Assembly passes law that ensures medical providers give cost estimates

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The Anchorage Municipal Assembly set an ordinance to require health care practitioners and facilities, upon request, to provide an estimate of anticipated health care charges. The vote to pass the law was 9-1.

The ordinance advises medical providers to give patients a price estimate for health related services within 10 business days upon their request. The measure does not apply to emergency services.

An estimate of reasonably anticipated charges will include a brief description of procedures and services, standardized billing codes, facility fees and individualized charges.

Also included is a notice to consult with the patient’s insurer, letting them know they may contact his or her health insurer for additional information regarding cost responsibilities.

Assembly member Forrest Dunbar hopes that the new law will allow Alaskans to seek out better value and more accurately build their family budgets.

“I understand that healthcare billing is complicated and that varying insurance and individualized care means every case is different. Still, I think it is reasonable and necessary for healthcare providers to provide estimates of what they are going to charge their patients, even if those estimates aren’t always exact,” Dunbar said. “Without some frame of reference, it becomes impossible for patients to compare prices or even do their own family budgeting.”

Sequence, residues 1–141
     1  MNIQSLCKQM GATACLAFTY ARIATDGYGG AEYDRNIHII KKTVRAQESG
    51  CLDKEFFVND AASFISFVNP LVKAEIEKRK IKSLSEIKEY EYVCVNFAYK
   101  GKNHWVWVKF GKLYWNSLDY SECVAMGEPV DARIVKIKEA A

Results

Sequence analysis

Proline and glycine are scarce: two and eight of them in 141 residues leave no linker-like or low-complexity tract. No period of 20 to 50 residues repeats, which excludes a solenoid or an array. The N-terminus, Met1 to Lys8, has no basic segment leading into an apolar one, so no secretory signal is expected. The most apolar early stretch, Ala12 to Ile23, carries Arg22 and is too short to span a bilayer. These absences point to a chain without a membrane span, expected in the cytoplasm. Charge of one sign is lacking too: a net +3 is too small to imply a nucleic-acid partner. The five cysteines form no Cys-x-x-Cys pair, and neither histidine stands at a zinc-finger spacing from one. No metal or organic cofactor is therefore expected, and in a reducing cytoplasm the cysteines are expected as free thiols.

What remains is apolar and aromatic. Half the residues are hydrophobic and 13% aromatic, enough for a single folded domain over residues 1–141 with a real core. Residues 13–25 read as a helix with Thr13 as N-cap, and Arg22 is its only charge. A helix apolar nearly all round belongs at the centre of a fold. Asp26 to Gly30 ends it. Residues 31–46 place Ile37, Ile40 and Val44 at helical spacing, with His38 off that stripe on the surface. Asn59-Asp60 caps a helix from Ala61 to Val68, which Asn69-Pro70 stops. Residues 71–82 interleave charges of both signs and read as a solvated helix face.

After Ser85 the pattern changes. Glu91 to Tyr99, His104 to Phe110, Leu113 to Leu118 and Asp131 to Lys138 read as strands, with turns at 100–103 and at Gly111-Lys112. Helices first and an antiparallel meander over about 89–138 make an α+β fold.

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Assembly vice chair Dick Traini also participated in the vote of the recent healthcare transparency ordinance.

“Everything you buy, you know the price of… You should be able to buy your medical care with a price up front. I think it will be successful when people realize that they have a choice, and they’ll start asking for their cost estimates,” Traini said.

Gabriel Garcia, professor of public health at UAA, supports the ordinance that requires medical providers to give cost estimates before working on patients. Garcia believes that this new law has a lot of benefits for the people of Anchorage.

“Markets cannot function efficiently without meaningful pricing information. An increasing number of people today are becoming more curious about the price of their health care, and they are beginning to understand that more expensive care does not necessarily translate to better outcomes. Healthcare prices vary significantly between providers for the same services,” Garcia said. “Knowing the cost of medical care can empower healthcare consumers and potentially lead to reducing health care costs.”

Failure to timely provide an estimate will result in a daily fine of $100 until the estimate is provided to the prospective patient. The total fine may not exceed $1,000.

The ordinance was passed and approved on Feb. 28 and will be effective 60 days after on May 28.